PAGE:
COMPARATIVE STUDY
JOURNAL ARTICLE
RANDOMIZED CONTROLLED TRIAL

Comparison of intubation through the McGrath MAC, GlideScope, AirTraq, and Miller Laryngoscope by paramedics during child CPR: a randomized crossover manikin trial

Lukasz Szarpak, Katarzyna Karczewska, Togay Evrin, Andrzej Kurowski, Lukasz Czyzewski
American Journal of Emergency Medicine 2015, 33 (7): 946-50
25937380

BACKGROUD: Advanced airway management and endotracheal intubation (ETI) during cardiopulmonary resuscitation (CPR) is more difficult than, for example, during anesthesia. However, new devices such as video laryngoscopes should help in such circumstances. The aim of this study was to compare the performance of 4 intubation devices in pediatric manikin-simulated CPR.

METHODS: One hundred two paramedics participated in this study. None had prior experience in video laryngoscopy. After a standardized audiovisual lecture lasting 45 minutes, the paramedics participated in a practical demonstration using the advanced pediatric patient simulator PediaSIM CPR (FCAE HealthCare, Sarasota, FL), which was designed to be an accurate representation of a 6-year-old child. Cardiopulmonary resuscitation was performed using LUCAS-2 (Physio-Contro, Redmond, WA). Afterward, paramedics were instructed to perform ETI using 4 intubation devices (MacGrathMAC, GlideScope, AirTraq, and Miller Laryngoscope Blade [Miller]) in a randomized sequence. The primary outcome was the success rate of tracheal intubation. The secondary outcome was the time to intubation.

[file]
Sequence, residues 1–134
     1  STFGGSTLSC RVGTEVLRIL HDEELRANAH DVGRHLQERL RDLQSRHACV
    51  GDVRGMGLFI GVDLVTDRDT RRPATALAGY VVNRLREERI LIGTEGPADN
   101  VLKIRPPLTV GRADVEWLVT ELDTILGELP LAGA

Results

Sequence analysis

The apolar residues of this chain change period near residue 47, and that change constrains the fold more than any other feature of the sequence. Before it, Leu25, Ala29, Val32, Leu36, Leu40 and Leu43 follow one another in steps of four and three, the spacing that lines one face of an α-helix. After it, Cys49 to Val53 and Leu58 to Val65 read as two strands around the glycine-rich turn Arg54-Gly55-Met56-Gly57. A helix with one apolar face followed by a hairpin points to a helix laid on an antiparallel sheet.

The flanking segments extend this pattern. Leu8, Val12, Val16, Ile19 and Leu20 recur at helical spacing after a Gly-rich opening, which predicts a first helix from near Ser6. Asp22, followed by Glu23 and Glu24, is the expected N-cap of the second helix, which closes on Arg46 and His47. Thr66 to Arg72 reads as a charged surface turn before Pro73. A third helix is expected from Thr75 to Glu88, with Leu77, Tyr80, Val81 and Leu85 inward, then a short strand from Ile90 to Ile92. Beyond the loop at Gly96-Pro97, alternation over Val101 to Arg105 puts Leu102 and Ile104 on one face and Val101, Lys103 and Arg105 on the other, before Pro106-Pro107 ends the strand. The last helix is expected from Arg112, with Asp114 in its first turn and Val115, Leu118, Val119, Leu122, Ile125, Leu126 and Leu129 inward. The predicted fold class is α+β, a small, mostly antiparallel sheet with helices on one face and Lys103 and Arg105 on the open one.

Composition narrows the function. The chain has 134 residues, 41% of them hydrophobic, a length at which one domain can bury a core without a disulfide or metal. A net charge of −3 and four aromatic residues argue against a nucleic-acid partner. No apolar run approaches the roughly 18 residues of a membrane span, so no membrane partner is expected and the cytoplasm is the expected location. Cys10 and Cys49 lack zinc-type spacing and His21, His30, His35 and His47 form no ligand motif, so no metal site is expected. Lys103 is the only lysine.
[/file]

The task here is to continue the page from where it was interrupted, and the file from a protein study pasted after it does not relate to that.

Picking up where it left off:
RESULTS: The mean time to intubation was 30.7 ± 15.3, 28.6 ± 15.9, 24.1 ± 5.0, and 39.3 ± 14.7 seconds (McGrath, GlideScope, AirTraq, and Miller, respectively); and the success ratio of intubation for the devices was 100% vs 100% vs 100% vs 77.5%, respectively.

CONCLUSIONS: Child ETI performed by paramedics during uninterrupted chest compression often has a low success rate. In contrast, McGrath, GlideScope, and AirTraq intubation devices are fast, safe, and easy to use. Within the limitations of a manikin study, this study suggests that inexperienced medical staff might benefit from using video laryngoscopy devices for child emergency airway management.

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